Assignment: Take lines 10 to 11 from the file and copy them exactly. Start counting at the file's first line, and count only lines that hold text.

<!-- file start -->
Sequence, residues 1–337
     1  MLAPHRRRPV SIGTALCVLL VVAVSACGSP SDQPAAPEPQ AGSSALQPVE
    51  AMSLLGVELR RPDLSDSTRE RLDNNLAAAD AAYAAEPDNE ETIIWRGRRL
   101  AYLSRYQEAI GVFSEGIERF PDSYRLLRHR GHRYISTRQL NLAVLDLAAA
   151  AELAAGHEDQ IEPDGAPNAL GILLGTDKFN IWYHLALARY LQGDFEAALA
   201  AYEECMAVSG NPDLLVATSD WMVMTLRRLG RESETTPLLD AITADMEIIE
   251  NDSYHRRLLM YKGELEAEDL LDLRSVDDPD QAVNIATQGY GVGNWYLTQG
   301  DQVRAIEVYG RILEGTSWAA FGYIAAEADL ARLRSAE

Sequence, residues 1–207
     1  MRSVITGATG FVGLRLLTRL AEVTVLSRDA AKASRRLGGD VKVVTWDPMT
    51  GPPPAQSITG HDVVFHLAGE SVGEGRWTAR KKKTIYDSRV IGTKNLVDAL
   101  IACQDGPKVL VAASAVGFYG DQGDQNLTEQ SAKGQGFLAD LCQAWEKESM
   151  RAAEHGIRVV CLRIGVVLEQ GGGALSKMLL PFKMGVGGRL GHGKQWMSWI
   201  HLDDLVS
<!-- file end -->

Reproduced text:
     1  MRSVITGATG FVGLRLLTRL AEVTVLSRDA AKASRRLGGD VKVVTWDPMT
    51  GPPPAQSITG HDVVFHLAGE SVGEGRWTAR KKKTIYDSRV IGTKNLVDAL